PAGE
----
Written by: Malvern Tan Yu Yao

I. Introduction

The High Court in the recent matter of Wong Souk Yee v Attorney-General[1] introduced techniques of statutory interpretation heretofore absent from Singapore constitutional law. In interpreting Article 49(1) of the Constitution of the Republic of Singapore[2] (“the Constitution”), Chua Lee Ming J (“Chua J”), faced with a seemingly conflicting provision in s 24(2A) of the Parliamentary Elections Act[3] (“PEA”), had recourse to an updating construction and a rectifying construction of Article 49(1). This case note briefly analyses the judgment and explores some fundamental issues arising from employing these two methods of statutory interpretation on constitutional provisions.

II. Summary of facts

Madam Halimah Yacob, a Member of Parliament (“MP”) of the Marsiling-Yew Tee group representation constituency (“GRC”), had resigned her seat in Parliament to stand as a candidate in the 2017 Presidential Election, leaving three remaining MPs to represent the GRC in her absence.[4]

Under Article 49(1) of the Constitution, when an MP’s seat becomes vacant for any reason other than a dissolution of Parliament, the vacancy must be filled by election.[5] However, s 24(2A) of the PEA[6] states that in the case of a GRC,[7] no election to fill any vacancy can be called unless all the MPs for that GRC have vacated their seats in Parliament.

The Applicant, who was a voter in the Marsiling-Yew Tee GRC and also a resident of Madam Halimah’s former ward, argued that for s 24(2A) of the PEA[8] to be consistent with the Constitution, the former should be interpreted as requiring all remaining MPs of a GRC to vacate their seats when one or more MPs of the GRC vacate their seats.[9] This argument was rejected by Chua J, who held that the words “the seat of a Member” in Article 49(1)[10] must be interpreted to mean “the seats of all the Members” in the case of a GRC via an updating construction,[11] or by adding language similar to that in s 24(2A) of the PEA[12] to Article 49(1) via a rectifying construction.[13]

III. Analysis

A. Updating construction

An updating construction is based on the “presumption that the Legislature intends the court to apply to an ongoing statute a construction that continuously updates its wording to allow for changes since the statute was initially framed”.[14] It can apply between two statutes or to provisions within the same piece of legislation.[15] Although not addressed in the judgment, it is likely that the presence of Article 4,[16] which asserts the supremacy of the Constitution, would rebut such a presumption where the conflict is between the Constitution and an ordinary Act.[17]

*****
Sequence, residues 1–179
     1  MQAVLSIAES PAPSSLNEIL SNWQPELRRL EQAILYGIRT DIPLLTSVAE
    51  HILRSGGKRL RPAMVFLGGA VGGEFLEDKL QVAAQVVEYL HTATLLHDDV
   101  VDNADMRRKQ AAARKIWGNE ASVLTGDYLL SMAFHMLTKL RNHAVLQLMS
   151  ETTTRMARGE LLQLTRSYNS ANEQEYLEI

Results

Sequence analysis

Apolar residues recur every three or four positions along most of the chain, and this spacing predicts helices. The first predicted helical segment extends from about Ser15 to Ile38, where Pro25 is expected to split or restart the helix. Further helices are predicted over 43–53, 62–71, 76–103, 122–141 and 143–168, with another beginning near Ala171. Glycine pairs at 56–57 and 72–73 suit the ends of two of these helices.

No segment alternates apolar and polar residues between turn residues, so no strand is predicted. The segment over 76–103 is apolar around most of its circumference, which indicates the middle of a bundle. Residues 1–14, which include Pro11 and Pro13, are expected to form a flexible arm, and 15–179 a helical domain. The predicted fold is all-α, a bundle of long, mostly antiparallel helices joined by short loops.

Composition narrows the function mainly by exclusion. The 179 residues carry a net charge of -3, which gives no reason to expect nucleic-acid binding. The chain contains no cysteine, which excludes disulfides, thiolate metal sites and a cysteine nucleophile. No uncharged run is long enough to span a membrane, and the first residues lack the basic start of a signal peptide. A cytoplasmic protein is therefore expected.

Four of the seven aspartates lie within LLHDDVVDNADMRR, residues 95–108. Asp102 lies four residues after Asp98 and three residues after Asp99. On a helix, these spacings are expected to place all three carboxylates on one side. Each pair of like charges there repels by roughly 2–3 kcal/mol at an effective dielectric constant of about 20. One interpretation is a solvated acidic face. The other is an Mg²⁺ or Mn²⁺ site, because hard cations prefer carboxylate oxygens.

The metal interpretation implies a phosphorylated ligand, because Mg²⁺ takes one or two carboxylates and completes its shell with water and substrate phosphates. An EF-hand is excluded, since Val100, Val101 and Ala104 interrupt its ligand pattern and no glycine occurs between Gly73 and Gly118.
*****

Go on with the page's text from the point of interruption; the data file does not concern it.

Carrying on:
A three-stage analytical framework is used in determining whether an updating construction should be applied:[18]

  1. First, the court ascertains the nature of the amendment effected in the first statute.
  2. Second, the court considers whether the amendment to the first statute gives rise to any ambiguity or uncertainty in the interpretation and application of the second statute as it stands, by reason of which, or for some other reason, there is potentially a need to apply an updating construction to the second statute. If the answer is in the negative, the inquiry should end there. If, however, the answer is in the affirmative, the court moves to the third stage.
  3. Finally, it considers whether in the circumstances an updating construction ought to be applied and, if so, how. The court will have regard to the objects of the second statute, how it has hitherto been applied, how the draftsman has chosen to frame the linkage between the two, and whether an updating construction would entail such a substantive change to its operation that it would be best left to the Legislature.

Whilst the first and second stages are relatively straightforward, the third stage is more contentious in application. The court is required to consider “whether an updating construction would entail such a substantive change to [the provision’s] operation that it would be best left to the Legislature”.[19]

Chua J’s judgment seemed to suggest that as long as the amendment “gives effect to the intent and will of the Legislature”, the third stage will be satisfied.[20] However, it is possible that even though the proposed change gives effect to the intention of Parliament, it may nonetheless be such a substantive change that its details ought to be worked out by the Legislature. This may cover, for example, complex financial provisions where the court lacks the requisite institutional competence to deal with. It is thus respectfully submitted that Chua J should have explained why the change did not entail such a substantive change to the operation of Art 49(1) so as to better justify the court’s decision for applying updating construction. However, since this is the first time that Art 49(1) is applied in a GRC situation, it could be said that there was no “change” in terms of the operation of Art 49(1). Chua J is thus justified to that extent of not addressing this issue in the present judgment.B. Rectifying construction